This may be remedied in two ways: either interpose a resistance large enough to swamp such variations, without materially affecting overall gain; or use an emitter resistor in the next stage that stabilizes its input impedance. But that involves other interactions that may reach clear to the output circuit. Let's put some figures in. Assume we use a transistor with an average current gain (beta) of 100, that may vary between 70 and 140. Assume an appropriate collector resistor is 1K. If we stabilize current gain down to 25, we shall swamp variations due to the transistor. This means the feedback resistor from collector to base should be 24 times the a.c. collector load of this transistor. The input impedance of the following stage may be, say 200 to 500 ohms. If we use another 1K as series coupling we shall about halve the current gain passed on to the next stage, but a value this large is needed to swamp input impedance variations. Let's make the collector resistor 3.3K, so most of the current gain is passed to the following stage (Fig. 5). Now the a.c. impedance in the first stage collector is 3.3K in parallel with 1K plus the next-stage input impedance, say 500 ohms, making about 1K for the parallel load value for the first-stage collector. The feedback resistor should be 24 times this, or say 24K. Now we want to make the input impedance 500 ohms. So the emitter resistor should be 1/25th of this, or 20 ohms. This circuit will now provide a nice stable, reasonably linear input impedance of 500 ohms, for classical matching.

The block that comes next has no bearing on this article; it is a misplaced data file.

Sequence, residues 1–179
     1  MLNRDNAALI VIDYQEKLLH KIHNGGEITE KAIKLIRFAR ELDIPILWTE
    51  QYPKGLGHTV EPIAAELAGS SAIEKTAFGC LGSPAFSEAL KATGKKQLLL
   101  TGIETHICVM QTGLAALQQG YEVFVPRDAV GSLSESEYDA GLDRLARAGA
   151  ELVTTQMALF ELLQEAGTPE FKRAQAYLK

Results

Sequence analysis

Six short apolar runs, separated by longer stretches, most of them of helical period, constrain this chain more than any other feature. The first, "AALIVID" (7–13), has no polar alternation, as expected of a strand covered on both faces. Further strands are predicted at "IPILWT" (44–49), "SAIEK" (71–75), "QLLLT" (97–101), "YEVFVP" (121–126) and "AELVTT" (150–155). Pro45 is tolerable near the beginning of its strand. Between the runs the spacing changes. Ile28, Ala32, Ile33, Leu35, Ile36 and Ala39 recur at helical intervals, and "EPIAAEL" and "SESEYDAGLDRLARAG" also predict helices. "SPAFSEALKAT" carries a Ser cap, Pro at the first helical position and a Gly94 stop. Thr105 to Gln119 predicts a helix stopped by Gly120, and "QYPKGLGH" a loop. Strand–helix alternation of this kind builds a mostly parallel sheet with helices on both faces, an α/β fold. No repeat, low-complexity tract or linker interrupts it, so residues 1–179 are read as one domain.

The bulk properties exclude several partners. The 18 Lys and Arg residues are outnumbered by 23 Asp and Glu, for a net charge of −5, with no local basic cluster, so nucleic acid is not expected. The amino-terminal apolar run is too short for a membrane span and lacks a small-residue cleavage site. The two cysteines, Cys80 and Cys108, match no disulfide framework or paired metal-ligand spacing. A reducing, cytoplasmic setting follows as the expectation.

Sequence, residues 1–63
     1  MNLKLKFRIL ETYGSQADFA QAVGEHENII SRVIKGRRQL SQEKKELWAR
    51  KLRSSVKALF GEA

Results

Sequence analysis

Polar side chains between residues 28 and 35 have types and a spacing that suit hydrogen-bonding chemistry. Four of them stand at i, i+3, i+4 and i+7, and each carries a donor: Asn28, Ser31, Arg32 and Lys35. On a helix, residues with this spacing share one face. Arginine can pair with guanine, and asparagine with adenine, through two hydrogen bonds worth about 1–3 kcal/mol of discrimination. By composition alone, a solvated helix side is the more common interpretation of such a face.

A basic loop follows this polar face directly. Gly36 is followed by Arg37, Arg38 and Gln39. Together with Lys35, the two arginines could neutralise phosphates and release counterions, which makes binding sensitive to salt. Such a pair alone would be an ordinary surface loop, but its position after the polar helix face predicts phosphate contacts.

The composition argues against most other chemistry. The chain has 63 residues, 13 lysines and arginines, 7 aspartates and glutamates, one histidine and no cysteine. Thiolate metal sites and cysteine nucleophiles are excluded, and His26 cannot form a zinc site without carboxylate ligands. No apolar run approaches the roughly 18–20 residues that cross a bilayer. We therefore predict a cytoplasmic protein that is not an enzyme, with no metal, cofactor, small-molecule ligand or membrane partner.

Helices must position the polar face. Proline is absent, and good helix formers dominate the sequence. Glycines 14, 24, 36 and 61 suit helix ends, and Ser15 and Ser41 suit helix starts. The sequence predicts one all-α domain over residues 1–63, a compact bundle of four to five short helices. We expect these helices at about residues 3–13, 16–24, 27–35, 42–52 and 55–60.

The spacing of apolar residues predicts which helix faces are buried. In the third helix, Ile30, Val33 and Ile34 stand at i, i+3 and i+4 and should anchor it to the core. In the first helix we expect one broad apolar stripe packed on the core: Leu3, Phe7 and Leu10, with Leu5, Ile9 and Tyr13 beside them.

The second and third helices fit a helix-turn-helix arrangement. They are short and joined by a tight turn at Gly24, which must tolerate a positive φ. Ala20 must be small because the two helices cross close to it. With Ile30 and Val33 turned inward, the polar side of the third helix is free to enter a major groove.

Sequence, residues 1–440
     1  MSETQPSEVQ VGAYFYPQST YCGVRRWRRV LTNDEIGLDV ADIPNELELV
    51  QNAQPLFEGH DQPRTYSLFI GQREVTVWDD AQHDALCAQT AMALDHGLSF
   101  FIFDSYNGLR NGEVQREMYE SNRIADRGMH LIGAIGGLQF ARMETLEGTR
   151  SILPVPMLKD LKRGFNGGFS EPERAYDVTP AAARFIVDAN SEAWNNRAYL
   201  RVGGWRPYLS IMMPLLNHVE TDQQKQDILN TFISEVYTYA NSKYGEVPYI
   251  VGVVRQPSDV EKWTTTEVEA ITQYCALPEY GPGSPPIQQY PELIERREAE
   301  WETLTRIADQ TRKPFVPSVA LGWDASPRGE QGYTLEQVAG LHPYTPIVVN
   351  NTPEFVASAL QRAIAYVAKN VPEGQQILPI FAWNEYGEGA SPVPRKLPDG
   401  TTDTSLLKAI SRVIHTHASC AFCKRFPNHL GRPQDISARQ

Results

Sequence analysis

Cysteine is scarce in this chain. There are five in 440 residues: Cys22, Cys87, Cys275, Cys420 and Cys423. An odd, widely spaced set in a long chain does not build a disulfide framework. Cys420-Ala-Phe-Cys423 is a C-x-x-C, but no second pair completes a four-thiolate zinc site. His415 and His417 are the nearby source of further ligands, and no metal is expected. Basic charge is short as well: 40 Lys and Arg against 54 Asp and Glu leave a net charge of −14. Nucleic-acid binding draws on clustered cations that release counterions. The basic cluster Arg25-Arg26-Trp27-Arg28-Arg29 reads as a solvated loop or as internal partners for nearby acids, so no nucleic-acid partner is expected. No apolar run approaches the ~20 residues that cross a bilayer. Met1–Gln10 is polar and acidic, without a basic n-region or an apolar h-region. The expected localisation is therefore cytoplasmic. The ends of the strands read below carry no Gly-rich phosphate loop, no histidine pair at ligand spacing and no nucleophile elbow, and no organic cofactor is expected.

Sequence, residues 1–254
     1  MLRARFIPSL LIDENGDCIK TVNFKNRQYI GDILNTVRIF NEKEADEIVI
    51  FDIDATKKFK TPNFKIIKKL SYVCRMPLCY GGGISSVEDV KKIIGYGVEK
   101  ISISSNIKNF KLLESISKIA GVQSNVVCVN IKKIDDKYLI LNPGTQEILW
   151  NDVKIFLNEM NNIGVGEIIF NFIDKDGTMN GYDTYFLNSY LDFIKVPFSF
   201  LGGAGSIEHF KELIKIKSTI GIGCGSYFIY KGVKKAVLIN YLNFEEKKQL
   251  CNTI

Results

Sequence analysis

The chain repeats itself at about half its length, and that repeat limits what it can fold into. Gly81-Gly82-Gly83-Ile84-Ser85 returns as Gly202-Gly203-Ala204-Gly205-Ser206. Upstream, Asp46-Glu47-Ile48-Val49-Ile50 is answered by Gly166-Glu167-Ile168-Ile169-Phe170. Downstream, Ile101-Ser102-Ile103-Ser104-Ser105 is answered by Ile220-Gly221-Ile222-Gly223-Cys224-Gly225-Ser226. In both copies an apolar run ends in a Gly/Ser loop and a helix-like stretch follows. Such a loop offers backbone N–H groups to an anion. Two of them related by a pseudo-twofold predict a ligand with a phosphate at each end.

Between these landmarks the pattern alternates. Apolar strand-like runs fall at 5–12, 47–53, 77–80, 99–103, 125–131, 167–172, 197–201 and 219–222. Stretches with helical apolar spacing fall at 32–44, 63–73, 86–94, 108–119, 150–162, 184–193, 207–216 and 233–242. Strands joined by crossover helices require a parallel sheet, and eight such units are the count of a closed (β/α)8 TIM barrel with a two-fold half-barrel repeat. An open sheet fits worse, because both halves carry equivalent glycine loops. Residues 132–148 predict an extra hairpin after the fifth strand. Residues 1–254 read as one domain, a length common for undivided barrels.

The output isn't so easy to fix. For one thing, to keep distortion low, we need a fairly large amount of feedback, taken from the output to a suitable injection point nearer the input. It shouldn't be injected right at the input, in any part of the stage just discussed, because that would also invalidate the simple achievement we have just discussed. And we've linearized the input stage pretty well by what we have just done. But we must think of a suitable output stage, with provision for lashings of linearizing feedback. We have a choice: voltage or current feedback, or a combination of both. Assume that we select an operating condition that gives good linearity as a starting point from which to allow feedback to improve, when loaded by the nominal 500 ohms. Possibly a 1K collector resistor, with the collector resistance (internal to the transistor) of the order of 20K (Fig. 6). With 500 ohms as external load, the parallel impedance from which voltage feedback will be taken is 330 ohms. Say we use 26 dB feedback-a gain-change factor of 20: this will reduce effective output impedance from 330 to 16.5 ohms. But the actual external output load remains 500 ohms. So the effective internal impedance, with this much voltage feedback, must be just over 17 ohms, to make the parallel combination with 500 come to 16.5 ohms. Let's try the alternative: current feedback. The logical place to derive this would be off an emitter resistor. Now we must regard the output differently. Short-circuiting the output removes voltage feedback; but open-circuiting the output does not completely remove the current feedback. Removing the 500-ohm external load changes the collector load from 330 ohms to 1K. The transistor's internal collector resistance is about 20K, so the current gain would change only in the ratio 20.33:21, a very small percentage. The major effect of removing the 500-ohm external load, with 26 dB of current feedback, would be to multiply output signal voltage by almost exactly 3, while the signal current delivered by the output transistor hardly changes. With this current feedback, the effective source resistance is still substantially 1K--the output-collector resistor. The effective internal collector resistance may rise 20 times, but the 1K resistor is still there. To sum up then, 26 dB voltage feedback reduces internal impedance to about 17 ohms, while 26 dB current feedback makes little difference to the internal impedance 'seen' by the external impedance. How can we use 26 dB of feedback to achieve the classical matching value of 500 ohms? The fairly obvious answer is to use voltage feedback to bring the internal impedance down to 500 ohms, and then use current feedback for the rest. How much voltage feedback do we need? The parallel collector load, without feedback, is 1K paralleled with 500 ohms (external assumed). With feedback, it should 'look like' 500 paralleled with 500, or 250 ohms. So the needed gain change, due to voltage feedback, and with the load connected, is 33/25, or 4/3 (about 2.5 dB). If voltage feedback reduces gain by 3/4, then current feedback needs to take 20 x 3/4=15 reduction. The current feedback AB factor needs to be 14. The total feedback reduction needs to be 20, so the total AB factor should be 19, using the same ‘without feedback' reference signal. As 14 of this is current feedback, this leaves 19-14=5 for the voltage part. Before going to a practical design, lets check our reasoning by seeing what happens when we change the external load from 500 ohms to either open-circuit or short-circuit. With nominal load, the total feedback factor is 1+14+5=20. How the feedback changes due to change in load will determine how the drive for the output stage changes. If we open -circuit the output, the current -feedback AB product remains virtually unchanged at 14, while voltage feedback is multiplied by 3 (because collector load changes from 330 to 1K), from 5 to 15. So the total feedback factor is now 1+14+15=30. Open-circuiting the output will have two effects: the without-feedback gain of the output stage is tripled; while the feedback factor increases from 20 to 30, reducing gain by 2/3. The overall effect is that output voltage doubles, which is what removing a matched load should cause. Now if we short-circuit the output, the current AB product remains at 14, while the voltage feedback disappears, to make the feedback factor simply 1+14=15. Thus current gain rises by 20/15, or 4/3. With the 500-ohm load, the load receives 2/3 of the current output, the other receives 35 of the current output, the other 1/3 being spent in the 1K collector resistor. When the output is short-circuited, the short-circuit gets all the current, which is raised by 4/3, or is double that in the 500-ohm load: again the condition of a matched load. Thus this check supports the theory on which we based out feedback calculations. In the next installment, we'll apply this to completing a workable design. (adapted from Also see: Negative Feedback by Norman H. Crowhurst (May 1970) More on Negative Feedback (Feb. 1970) = = = = |